To demonstrate the second scenario, we now highlight the case of ASK CLA-1 in Figure 2 - figure supplement 4E. Additionally, we have emphasized in the manuscript that in cases where the S/N ratio is good and the image is restricted to a small ROI, WormPsyQi will perform well even in the absence of a cytoplasmic marker. This is equally important to note as having a specific cytoplasmic marker in the background may not always be feasible and, in fact, if the cytoplasmic marker is discontinuous or dim relative to puncta signal, using a suboptimal neurite mask for synapse segmentation would result in undercounting synapses.

  1. On page 12, the author stated "We also note that in several cases, GRASP quantification differed from EM scoring". However, the EM scoring is primarily based on a single sample, making it challenging to conduct a statistical analysis for the purpose of comparison.

This is correct and is indeed a limitation of EM for this type of analysis. We have now reworded this sentence (page 14) to emphasize the reviewer’s point, and it is also elaborated further in the limitations section.

  1. In Figure 6F, the discrepancy between WormPsyQi and human quantification in the analysis of RAB-3 is observed. The author stated that "the RAB-3 signal was too diffuse to resolve all puncta". To better illustrate this discrepancy, it would be beneficial to include images highlighting the puncta that WormPsyQi cannot score, providing direct evidence that diffusing signals are not able to automatically detectable.

To highlight puncta that were not segmented by WormPsyQi but were successfully scored manually, we have included arrows in Figure 6. In addition, for reporter M4p::GFP::RAB-3, we have included magnified insets in Figure 6 - figure supplement 1A to highlight the region where human annotator scores more puncta than WormPsyQi owing to the high synapse density. In future implementations, additional functionality can be built for separating these merged puncta into instances based on geometrical features such as shape and intensity contour.

  1. In Figure 9 S1D, the results from WormPsyQi and the manual are totally different. To address this notable discrepancy, the authors should highlight and illustrate the areas of discrepancy in the images. This visual representation can assist future users in identifying signal types that may not be well-suited for WormPsyQi analysis and inspire the development of new strategies to tackle such challenges.

This is now addressed in additional figure panels in Figure 4 – figure supplement 1B and Figure 6 - figure supplement 1A.

Reviewer #3 (Recommendations For The Authors):

I found the comparison between manual quantification and WormPsyQi-based quantification to be very informative. In my opinion, quantifying the number of puncta is not the most tedious/difficult quantification even when done manually. Would the authors be able to include manual-WormPsyQi comparison for more time-consuming and potentially more prone to human error/bias quantifications such as puncta size or distribution patterns using a few markers with some inter/intra animal variabilities?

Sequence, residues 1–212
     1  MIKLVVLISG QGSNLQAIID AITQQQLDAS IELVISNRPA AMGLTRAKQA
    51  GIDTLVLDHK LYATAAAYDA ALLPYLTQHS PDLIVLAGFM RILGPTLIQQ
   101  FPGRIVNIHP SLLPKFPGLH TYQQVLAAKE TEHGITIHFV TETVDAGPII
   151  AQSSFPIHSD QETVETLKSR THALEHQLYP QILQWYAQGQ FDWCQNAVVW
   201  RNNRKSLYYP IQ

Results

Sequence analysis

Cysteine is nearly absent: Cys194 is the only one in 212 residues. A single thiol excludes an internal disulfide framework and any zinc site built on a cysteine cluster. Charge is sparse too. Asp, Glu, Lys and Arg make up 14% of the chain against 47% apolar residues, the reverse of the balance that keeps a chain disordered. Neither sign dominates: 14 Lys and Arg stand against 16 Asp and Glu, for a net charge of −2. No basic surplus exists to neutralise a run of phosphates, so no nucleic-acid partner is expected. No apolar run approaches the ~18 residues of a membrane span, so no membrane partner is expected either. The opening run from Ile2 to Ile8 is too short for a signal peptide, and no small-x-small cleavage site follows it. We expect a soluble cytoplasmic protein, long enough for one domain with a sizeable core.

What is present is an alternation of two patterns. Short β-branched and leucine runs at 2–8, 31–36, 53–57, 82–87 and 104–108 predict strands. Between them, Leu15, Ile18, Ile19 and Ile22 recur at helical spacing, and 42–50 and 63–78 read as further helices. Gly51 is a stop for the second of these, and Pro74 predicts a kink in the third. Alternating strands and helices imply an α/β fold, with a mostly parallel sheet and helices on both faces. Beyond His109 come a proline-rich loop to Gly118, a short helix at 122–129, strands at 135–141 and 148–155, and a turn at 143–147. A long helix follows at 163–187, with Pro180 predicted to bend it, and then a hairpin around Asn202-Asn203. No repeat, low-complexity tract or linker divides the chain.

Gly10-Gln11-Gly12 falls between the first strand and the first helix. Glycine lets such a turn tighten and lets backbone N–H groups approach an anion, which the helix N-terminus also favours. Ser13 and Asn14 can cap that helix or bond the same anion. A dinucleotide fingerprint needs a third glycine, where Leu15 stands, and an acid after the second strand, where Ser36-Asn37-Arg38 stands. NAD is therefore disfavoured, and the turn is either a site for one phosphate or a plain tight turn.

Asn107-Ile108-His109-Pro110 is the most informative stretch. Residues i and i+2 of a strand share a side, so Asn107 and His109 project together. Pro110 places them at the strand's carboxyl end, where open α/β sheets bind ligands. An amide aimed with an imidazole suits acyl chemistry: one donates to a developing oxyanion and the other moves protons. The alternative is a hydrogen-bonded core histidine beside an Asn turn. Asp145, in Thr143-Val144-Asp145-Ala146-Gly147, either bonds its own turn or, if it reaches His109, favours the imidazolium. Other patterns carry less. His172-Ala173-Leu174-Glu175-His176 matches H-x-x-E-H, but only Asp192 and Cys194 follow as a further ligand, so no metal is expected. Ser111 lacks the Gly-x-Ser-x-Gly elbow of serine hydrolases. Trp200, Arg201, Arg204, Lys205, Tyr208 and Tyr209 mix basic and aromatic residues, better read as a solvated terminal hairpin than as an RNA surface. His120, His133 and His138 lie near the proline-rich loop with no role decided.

To address this point, we have now included an additional figure supplement to Figure 2 (Figure 2 – figure supplement 4). We focused on the ASK GFP::CLA-1 reporter and had two human annotators manually label the masks of puncta for each worm by scanning Z-stacks and drawing all pixels belonging to each puncta in Fiji, which were then processed by WormPsyQi’s quantification pipeline to score puncta number, volume, and distribution. We also included a comparison of overall image processing time for each annotator and WormPsyQi. For features analyzed, the difference between WormPsyQi and human annotators for ASK CLA-1 is not statistically significant for multiple puncta features. Importantly, WormPsyQi reduces overall processing time by at least an order of magnitude, and while this is already advantageous for counting puncta, it is especially useful for other important puncta features since a) they may not be easily discernible, and b) it is extremely laborious to quantify them manually in large datasets when pixel-wise labels are required.

The authors listed minimum human errors and biases as one of the benefits of WormPsyQi. For the markers with discrepancies in quantifications between human and WormPsyQi, have the authors encountered or considered human errors/biases as potential reasons for such discrepancies?

This is the same point brought up by reviewer 1. We added Figure 2- figure supplement 3 to compare WormPsyQi to different human labelers, and show that because human labels can introduce systematic bias, WormPsyQi reduces such bias by scoring images using the same metric.

The authors noted that WormPsyQi would be useful for comparing different genotypes/environments. Some mutants have known changes in synapse patterning/number. It would be helpful if the authors could validate WormPsyQi using some of the mutants with known synapse defects. For instance, zig-10 mutant increases the cholinergic synapse density just by a bit (Cherra and Jin, Neuron 2016), and nlr-1 mutant disrupts punctated localization of UNC-9 gap junction in the nerve ring (Meng and Yan, Neuron 2020), which could only be detectable by experts' eyes. It would be interesting to see if WormPsyQi picks up such subtle phenotypes.

We agree that our pipeline would need to be tested in multiple paradigms to test its performance on detecting additional subtle phenotypes. In the context of this paper, we note that the developmental analysis of puncta in Figure 8 was performed to validate the ground truth from previous EM-based analyses (Witvliet et al., 2021), albeit the latter was limited by sample size. We extended this developmental analysis to the pharyngeal reporters, and in some cases the difference across timepoints was marginal (as emphasized by additional Figure 9 - figure supplement 2), but still detected by WormPsyQi. Lastly, our synapse localization analysis in Figure 10 assigns the probability of finding a synapse at a particular location along a neurite, which is not easily discernible by manual scoring.